Latest Articles

Microsoft pulls Patch Tuesday kernel update - MS14-045 can cause Blue Screen of Death

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MS14-045, which fixes various security holes in the Windows kernel, can cause a BSoD and leave you stuck in a reboot loop.

Here's how to escape...

The EPIC edition - 60 Sec Security [VIDEO]

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One less opt-in app, one more Android virus, and a bunch of EPIC failures...

All in this week's 60 Second Security.

Google adds deceptive software warnings to Safe Browsing service

Warning sing. Image courtesy of Shutterstock.

The days of having your homepage switched or suddenly discovering a mysterious toolbar in your browser may be set to come to an end following an announcement from Google yesterday. From next week, Chrome will display a message whenever a piece of software attempts to do anything sneaky or unexpected with your browser or computer.

Thousands of computers open to eavesdropping and hijacking

Thousands of computers open to eavesdropping and hijacking

Many, many people and businesses are running a remote access tool, Virtual Network Computing, without a password. The tool lets people see everything we do online or reach through and take over our systems. The list of exposed sites is astonishing: everything from power stations to pharmacies to people watching porn.

Snowden: NSA working on 'MonsterMind' cyberwar bot

Snowden: NSA working on 'MonsterMind' cyberwar bot

The cyber defense system would instantly and autonomously neutralize foreign cyberattacks against the US and could also be used to launch retaliatory strikes. To do so, it would have to control and analyze all traffic entering the US - a chilling prospect that was the last straw, the whistleblower says.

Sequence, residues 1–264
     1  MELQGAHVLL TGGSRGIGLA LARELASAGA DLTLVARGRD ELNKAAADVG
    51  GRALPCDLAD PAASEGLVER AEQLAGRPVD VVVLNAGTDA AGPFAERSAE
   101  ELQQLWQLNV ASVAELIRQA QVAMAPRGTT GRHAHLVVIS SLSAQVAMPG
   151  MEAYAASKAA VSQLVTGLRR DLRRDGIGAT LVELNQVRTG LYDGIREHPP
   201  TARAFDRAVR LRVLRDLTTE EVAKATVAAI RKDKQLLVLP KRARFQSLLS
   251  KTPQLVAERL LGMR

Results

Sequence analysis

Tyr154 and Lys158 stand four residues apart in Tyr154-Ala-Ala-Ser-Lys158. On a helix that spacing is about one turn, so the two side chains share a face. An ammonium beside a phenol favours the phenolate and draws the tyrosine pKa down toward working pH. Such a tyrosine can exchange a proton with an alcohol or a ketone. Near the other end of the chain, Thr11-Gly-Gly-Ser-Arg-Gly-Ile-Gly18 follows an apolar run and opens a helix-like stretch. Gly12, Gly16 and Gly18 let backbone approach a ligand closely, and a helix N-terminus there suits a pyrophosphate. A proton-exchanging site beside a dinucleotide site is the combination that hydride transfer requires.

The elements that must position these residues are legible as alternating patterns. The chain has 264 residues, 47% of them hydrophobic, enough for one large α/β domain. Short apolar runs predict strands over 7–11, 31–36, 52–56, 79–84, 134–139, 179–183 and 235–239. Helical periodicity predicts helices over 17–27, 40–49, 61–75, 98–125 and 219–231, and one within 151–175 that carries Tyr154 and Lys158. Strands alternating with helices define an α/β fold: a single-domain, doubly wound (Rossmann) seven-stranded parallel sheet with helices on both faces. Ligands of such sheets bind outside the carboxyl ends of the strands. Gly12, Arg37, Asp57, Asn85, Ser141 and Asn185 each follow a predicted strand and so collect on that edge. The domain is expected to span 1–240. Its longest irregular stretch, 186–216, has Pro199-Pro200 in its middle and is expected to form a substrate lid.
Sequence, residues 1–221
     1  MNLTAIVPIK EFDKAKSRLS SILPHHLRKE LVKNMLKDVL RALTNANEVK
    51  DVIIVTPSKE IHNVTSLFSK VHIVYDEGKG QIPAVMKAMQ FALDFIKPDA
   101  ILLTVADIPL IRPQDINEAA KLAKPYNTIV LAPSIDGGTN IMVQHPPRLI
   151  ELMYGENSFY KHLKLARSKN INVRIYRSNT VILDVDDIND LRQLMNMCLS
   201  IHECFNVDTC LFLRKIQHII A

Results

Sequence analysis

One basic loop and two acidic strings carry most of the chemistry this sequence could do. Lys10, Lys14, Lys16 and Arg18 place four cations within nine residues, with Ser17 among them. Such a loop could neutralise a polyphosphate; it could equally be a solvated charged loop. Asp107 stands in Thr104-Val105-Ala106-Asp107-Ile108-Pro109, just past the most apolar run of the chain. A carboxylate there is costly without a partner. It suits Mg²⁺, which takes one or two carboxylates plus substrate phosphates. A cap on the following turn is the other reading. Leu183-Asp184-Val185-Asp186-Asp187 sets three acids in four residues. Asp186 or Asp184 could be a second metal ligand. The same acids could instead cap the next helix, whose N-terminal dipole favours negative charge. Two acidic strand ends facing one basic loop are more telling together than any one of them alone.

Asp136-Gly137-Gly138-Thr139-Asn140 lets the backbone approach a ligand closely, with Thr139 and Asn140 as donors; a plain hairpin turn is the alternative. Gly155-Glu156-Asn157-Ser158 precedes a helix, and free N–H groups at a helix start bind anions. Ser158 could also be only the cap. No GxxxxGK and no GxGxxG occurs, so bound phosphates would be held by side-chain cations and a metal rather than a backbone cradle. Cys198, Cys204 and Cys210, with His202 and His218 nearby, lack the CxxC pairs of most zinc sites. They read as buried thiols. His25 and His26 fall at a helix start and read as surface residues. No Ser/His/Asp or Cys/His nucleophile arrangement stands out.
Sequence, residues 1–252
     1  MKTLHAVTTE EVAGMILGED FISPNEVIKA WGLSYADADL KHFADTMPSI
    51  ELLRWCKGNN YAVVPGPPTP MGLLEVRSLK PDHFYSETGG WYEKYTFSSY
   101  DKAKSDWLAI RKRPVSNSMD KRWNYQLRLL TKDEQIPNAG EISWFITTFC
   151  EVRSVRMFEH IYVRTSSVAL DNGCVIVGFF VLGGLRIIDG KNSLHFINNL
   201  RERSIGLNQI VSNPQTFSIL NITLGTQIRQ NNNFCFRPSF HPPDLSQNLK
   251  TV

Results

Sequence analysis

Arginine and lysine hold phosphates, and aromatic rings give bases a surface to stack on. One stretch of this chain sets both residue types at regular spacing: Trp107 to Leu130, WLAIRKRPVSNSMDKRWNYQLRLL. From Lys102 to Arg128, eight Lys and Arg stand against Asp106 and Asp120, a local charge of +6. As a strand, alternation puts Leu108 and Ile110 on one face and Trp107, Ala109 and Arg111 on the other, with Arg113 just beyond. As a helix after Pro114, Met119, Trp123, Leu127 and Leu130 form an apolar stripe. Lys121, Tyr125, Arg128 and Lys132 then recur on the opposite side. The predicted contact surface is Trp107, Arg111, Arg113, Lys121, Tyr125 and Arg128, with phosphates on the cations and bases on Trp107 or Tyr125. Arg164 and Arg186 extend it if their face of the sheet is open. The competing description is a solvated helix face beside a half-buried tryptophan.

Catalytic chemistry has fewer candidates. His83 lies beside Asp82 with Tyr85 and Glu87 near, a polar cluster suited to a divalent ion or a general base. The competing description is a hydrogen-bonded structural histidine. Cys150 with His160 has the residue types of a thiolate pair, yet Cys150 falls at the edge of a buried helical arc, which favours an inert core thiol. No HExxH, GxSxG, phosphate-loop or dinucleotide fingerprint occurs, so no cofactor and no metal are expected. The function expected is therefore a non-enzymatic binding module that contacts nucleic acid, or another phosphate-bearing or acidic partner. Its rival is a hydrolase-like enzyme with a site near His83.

The top 5 privacy failures - what's the most epic fail of all? [POLL]

Epic privacy fails

The list of culprits in our eroding privacy is long, but some privacy fails stand out above the rest. So we're calling out five privacy killers that deserve an extra level of shaming.

Take our poll, and help us crown the most epic privacy fail of all ...

Apple Safari for OS X gets "click-to-own" security holes patched

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The 6th Safari security update in 10 months is out.

With fixes for 7 potential remote code execution holes, get it while it's hot...

Good bot, bad bot? 23 million Twitter accounts are automated

Good bot, bad bot? 23 million Twitter accounts may be automated

Its latest SEC filing says that 8.5% of active monthly users are automatons, which could mean there are a boatload of bots on the service. Some are spam, some are useful, some are just publications' own, automated Twitter feeds.

Facial recognition software leads to arrest after 14-year manhunt

Facial recognition software leads to FBI success in 14-year manhunt

A former US resident from New Mexico was captured in Nepal after 14 years on the run. The fugitive's passport photo matched up with a newly issued wanted poster. Does the capture of a suspected child abuser justify the use of a technology that hasn't yet had privacy implications ironed out?

SSCC 160 - That's not just any old malware - that's a TRUE VIRUS! [PODCAST]

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Ready for listening...

Here's this week's Sophos Security Chet Chat podcast.